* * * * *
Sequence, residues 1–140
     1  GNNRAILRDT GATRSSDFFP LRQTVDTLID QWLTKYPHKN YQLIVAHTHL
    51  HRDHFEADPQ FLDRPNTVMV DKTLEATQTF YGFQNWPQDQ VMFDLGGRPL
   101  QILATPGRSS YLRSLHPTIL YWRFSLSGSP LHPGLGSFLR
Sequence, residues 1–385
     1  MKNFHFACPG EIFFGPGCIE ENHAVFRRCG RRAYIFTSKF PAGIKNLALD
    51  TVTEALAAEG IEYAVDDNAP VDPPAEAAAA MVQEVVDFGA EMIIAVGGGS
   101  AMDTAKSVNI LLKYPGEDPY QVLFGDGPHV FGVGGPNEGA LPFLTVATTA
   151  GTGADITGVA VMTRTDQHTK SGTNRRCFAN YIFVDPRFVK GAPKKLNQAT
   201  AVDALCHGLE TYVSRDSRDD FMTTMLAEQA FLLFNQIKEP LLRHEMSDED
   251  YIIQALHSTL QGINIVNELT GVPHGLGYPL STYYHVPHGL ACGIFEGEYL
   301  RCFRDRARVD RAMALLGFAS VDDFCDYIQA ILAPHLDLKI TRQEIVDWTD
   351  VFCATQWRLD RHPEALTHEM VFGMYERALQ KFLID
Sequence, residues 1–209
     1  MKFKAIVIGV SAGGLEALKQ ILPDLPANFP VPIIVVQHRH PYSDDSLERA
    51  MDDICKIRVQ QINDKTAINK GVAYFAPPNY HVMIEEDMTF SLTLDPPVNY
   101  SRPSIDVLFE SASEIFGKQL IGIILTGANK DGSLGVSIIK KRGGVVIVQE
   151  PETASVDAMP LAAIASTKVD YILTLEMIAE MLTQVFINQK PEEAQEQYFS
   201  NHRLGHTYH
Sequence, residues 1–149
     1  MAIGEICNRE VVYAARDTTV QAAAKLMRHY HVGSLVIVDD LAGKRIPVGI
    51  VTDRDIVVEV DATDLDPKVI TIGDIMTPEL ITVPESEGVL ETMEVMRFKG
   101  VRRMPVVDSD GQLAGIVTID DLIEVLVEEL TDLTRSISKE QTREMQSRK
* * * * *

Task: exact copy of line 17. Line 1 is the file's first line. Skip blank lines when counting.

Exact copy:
   101  SRPSIDVLFE SASEIFGKQL IGIILTGANK DGSLGVSIIK KRGGVVIVQE